DOI: 10.1111/dom.15424 ISSN: 1462-8902

Associations between Chinese visceral adiposity index and risks of all‐cause and cause‐specific mortality: A population‐based cohort study

Xiaoyan Wu, Chunqi Wang, Deliang Lv, Bowang Chen, Yi Wu, Xiaobing Wu, Yang Yang, Jianlan Cui, Wei Xu, Hao Yang, Lijuan Song, Wenyan He, Yan Zhang, Hongyun Guan, Fengzhu Xie, Wei Xie, Qinggang Shang, Zhiguang Zhao, Xi Li
  • Endocrinology
  • Endocrinology, Diabetes and Metabolism
  • Internal Medicine



To determine the associations between the Chinese visceral adiposity index (CVAI) and the risks of all‐cause and cause‐specific mortality.

Materials and Methods

A total of 3 916 214 Chinese adults were enrolled in a nationwide population cohort covering all 31 provinces of mainland China. The CVAI was calculated based on age, body mass index, waist circumference, and triglyceride and high‐density lipoprotein cholesterol concentrations. We used a Cox proportional hazards regression model to determine the hazard ratios and 95% confidence intervals (CIs) for risk of mortality associated with different CVAI levels.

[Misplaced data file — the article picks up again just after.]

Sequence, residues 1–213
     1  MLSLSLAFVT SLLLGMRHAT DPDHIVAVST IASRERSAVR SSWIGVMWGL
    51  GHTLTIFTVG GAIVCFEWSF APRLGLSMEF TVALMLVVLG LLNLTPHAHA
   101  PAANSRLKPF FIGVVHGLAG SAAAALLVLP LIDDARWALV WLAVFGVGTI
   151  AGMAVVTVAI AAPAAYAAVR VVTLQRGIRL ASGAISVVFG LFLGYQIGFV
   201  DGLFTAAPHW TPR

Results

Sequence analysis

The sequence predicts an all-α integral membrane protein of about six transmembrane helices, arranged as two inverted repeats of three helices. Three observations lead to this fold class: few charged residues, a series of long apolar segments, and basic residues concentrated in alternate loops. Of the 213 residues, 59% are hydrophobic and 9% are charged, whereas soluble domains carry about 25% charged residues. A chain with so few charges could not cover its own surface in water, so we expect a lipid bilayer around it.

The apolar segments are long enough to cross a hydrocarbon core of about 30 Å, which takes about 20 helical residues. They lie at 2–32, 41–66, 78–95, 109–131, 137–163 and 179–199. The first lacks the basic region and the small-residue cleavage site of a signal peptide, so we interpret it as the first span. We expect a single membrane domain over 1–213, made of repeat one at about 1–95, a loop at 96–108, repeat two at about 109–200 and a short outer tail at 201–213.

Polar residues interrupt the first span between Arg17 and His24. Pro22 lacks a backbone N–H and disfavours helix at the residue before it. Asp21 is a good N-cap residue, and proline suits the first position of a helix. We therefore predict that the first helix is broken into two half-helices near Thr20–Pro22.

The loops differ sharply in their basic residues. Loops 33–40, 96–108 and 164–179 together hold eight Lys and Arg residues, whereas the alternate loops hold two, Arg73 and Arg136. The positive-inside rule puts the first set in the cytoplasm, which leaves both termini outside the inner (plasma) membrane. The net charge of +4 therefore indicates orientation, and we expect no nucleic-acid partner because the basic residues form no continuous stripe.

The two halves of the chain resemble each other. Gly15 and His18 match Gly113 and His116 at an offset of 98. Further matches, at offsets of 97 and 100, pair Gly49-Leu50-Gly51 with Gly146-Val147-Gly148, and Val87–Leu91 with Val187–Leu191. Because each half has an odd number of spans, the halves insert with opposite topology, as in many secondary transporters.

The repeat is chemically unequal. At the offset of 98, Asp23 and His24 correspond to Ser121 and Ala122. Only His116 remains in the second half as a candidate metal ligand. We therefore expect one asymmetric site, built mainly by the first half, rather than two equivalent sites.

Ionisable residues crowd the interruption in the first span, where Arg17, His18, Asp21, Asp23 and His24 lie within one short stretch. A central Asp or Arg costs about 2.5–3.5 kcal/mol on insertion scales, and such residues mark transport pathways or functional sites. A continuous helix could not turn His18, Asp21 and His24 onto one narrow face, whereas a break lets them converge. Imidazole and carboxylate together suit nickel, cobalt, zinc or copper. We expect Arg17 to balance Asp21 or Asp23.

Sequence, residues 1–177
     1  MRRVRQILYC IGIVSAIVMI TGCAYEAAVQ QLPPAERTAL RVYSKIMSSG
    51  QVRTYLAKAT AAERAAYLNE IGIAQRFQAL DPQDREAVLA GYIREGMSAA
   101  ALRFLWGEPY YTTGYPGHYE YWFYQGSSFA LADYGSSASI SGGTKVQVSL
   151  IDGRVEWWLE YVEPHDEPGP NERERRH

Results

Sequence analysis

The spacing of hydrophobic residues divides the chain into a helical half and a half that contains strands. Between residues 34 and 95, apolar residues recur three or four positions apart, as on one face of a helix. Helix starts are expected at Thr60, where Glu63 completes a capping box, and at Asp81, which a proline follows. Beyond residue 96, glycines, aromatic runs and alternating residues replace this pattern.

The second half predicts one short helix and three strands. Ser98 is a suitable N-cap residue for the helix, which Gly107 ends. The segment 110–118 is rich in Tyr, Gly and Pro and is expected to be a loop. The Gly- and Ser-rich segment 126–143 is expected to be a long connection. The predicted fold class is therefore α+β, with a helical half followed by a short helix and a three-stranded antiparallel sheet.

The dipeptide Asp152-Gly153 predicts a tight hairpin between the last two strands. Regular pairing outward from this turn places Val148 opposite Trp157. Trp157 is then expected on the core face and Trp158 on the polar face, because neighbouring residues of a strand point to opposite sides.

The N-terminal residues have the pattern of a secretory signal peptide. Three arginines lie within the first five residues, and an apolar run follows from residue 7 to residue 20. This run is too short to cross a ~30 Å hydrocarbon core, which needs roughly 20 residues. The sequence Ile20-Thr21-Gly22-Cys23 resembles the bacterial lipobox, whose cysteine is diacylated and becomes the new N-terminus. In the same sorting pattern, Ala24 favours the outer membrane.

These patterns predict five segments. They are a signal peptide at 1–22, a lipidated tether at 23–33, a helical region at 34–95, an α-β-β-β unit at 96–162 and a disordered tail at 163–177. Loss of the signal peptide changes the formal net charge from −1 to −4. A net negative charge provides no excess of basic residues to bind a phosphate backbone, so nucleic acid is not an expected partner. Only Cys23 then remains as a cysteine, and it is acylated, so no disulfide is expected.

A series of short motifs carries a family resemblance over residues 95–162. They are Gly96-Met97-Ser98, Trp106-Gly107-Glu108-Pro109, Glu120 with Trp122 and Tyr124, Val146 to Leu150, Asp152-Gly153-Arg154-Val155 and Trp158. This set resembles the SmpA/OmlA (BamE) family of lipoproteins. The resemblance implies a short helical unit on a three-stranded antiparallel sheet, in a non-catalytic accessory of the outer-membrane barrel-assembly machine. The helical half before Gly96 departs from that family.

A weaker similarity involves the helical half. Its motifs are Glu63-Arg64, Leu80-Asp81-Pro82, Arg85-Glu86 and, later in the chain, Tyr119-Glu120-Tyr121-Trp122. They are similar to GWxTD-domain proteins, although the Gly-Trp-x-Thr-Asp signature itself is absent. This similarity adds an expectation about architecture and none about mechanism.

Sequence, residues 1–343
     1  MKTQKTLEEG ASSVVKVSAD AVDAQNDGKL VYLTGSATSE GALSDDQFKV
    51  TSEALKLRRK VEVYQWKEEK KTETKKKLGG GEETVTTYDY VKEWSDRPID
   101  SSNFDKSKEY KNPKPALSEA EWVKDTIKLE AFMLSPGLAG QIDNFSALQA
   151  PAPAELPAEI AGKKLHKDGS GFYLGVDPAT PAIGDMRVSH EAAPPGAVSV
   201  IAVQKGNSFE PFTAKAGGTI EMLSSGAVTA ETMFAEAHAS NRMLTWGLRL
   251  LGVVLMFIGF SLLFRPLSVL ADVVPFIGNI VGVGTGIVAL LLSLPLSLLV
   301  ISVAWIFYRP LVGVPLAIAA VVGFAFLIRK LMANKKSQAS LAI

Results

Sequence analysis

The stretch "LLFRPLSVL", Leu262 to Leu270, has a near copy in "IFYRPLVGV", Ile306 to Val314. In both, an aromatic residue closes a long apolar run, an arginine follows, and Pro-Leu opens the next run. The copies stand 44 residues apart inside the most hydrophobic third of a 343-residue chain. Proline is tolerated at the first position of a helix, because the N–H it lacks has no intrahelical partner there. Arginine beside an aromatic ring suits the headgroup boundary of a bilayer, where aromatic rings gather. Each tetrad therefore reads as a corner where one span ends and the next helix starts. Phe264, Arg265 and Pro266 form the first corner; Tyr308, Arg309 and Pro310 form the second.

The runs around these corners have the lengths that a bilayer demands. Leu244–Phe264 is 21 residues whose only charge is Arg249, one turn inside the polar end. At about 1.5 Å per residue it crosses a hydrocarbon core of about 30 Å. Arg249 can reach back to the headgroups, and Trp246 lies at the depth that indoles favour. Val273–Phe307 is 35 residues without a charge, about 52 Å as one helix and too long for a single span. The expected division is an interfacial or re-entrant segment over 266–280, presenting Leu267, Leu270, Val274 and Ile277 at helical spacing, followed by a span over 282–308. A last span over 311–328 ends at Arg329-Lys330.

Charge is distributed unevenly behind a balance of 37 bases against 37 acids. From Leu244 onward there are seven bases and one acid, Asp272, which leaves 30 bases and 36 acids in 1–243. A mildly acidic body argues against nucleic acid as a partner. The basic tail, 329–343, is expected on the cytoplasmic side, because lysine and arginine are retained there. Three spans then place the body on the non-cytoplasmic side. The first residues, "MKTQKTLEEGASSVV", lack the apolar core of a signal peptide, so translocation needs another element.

The median follow‐up duration was 3.8 years. A total of 86 158 deaths (34 867 cardiovascular disease [CVD] deaths, 29 884 cancer deaths, and 21 407 deaths due to other causes) were identified. In general, after adjusting for potential confounding factors, a U‐shaped relationship between CVAI and all‐cause mortality was observed by restricted cubic spline (RCS). Compared with participants in CVAI quartile 1, those in CVAI quartile 4 had a 23.0% (95% CI 20.0%–25.0%) lower risk of cancer death, but a 23.0% (95% CI 19.0–27.0) higher risk of CVD death. In subgroup analysis, a J‐shaped and inverted U‐shaped relationship for all‐cause mortality and cancer mortality was observed in the group aged < 60 years.


The CVAI, an accessible indicator reflecting visceral obesity among Chinese adults, has predictive value for all‐cause, CVD, and cancer mortality risks. Moreover, the CVAI carries significance in the field of health economics and secondary prevention. In the future, it could be used for early screening purposes.

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